KARACHI: The spot rate of cotton closed at Rs 22500 with an increase of Rs1500 per maund. A bearish trend was reported in the rate of cotton in international market. There is a gradual increase in the arrival of new crop of Phutti. The price of Phutti is in between Rs10000 and 11000 per 40 kg. The price of cotton per maund is Rs. 23,000. Irrigation water is available partially, as the heatwave continues.
The arrival of Phutti partially started in local cotton market during the last week. About 1000 bales have been produced. The supply of Phutti has been increasing, gradually. Many ginners in Sindh and Punjab have started buying, which means in the coming days more ginning factories will start operation. Up till now Phutti is partially coming from the cotton growing areas of Sindh. It is expected that partial arrival of Phutti will soon start from the cotton growing areas of Punjab.
The price of Phutti in Sindh province is between Rs. 10,000 to Rs 11000. At present there is not any rate of Phutti announced in the market. Ginning factories in Punjab will take Phutti from Sindh. It will cost Rs. 300 to 350 per 40 kg more due to transportation.
Several ginning factories in Sindh have started buying Phutti. Three or four ginning factories are partially operational and it is expected that by next week more ginning factories will be operational.
In Sindh, deals for new crop cotton have been fixed at Rs. 22,700 per maund but in Punjab they are demanding Rs 1000 more.
In addition, old cotton deals are also taking place in small quantities. Mill-to-mill deals have also been made. Large groups of mills are selling cotton at low prices in exchange for producing cotton yarn due to high price of cotton.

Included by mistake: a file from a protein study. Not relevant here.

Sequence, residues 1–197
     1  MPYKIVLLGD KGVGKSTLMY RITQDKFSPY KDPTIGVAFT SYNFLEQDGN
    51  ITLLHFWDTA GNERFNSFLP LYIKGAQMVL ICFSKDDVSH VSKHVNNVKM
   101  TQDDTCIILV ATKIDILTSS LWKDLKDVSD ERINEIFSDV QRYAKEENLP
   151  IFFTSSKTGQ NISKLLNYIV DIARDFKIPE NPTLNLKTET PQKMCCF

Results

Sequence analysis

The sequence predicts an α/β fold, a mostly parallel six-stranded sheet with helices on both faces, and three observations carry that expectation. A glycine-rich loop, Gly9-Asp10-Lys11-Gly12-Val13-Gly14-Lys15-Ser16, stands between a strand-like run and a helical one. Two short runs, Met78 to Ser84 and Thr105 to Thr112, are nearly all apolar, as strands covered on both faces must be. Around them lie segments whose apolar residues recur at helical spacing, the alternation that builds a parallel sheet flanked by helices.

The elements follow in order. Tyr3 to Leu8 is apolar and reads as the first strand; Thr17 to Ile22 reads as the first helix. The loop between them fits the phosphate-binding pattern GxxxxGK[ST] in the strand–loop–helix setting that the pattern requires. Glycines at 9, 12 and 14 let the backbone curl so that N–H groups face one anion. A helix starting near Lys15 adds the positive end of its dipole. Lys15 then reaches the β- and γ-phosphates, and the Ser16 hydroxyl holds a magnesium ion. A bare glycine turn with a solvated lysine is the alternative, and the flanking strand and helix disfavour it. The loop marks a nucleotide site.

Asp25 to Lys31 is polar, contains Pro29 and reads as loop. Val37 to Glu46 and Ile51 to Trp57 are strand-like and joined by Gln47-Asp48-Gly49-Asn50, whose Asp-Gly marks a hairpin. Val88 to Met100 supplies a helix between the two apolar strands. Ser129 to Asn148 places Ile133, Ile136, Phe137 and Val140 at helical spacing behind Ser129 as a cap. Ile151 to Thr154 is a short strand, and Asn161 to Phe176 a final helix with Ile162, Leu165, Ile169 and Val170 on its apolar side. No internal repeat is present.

The coming season will be very difficult for all cotton stakeholders as there are issues of cotton parity with cotton yarn, and moreover banks have increased the interest rates. In addition the rate of US dollar is all time high and there are issues of containers and shipments, as well. There is a decrease in the demand of textile products in international markets. These are the problems which make the import and export businesses difficult.
Ginners and millers should be careful while doing business. A little mistake and carelessness can create a big problem. The government has dropped a price hike bomb by increasing the prices of petroleum products by Rs. 30 per litre in one go and the price of electricity will also be significantly increased. In this situation it will be very difficult to run industry. Business will be gravely affected and there will be chaos in the country.
The Spot Rate Committee of the Karachi Cotton Association register deals for the new cotton season from July to August every year. The deals before that will not be reported. The new spot rate will also be imposed from July 1.
In Sindh and Punjab, the price of old cotton is Rs 21000 to Rs 22500 per maund. The price of new crop is Rs 23000 to Rs 23350 per maund. The rate of New Phutti is in between Rs 10,000 to Rs 11000 per 40 kg.
The spot rate committee of Karachi Cotton Association has increased the spot rate by Rs1500 per maund and closed it at Rs. 22500.
There is a water crisis in some areas of Sindh and Punjab, as well as, high temperature affecting the crop. However, supply of irrigation water has started partially in some areas.
The agricultural institutes of Punjab province keep on reporting the situation of cotton production from time to time but the agricultural institutes of Sindh province are silent due to which there are rumours regarding production of cotton.
Naseem Usman, Chairman, Karachi Cotton Brokers Forum, said that after the fluctuations in the international cotton markets, there was a general downward trend. New York Cotton’s Rate of Future Trading for the month of July hovered between 141 and 145 US cents per pound and then closed at 140 cents.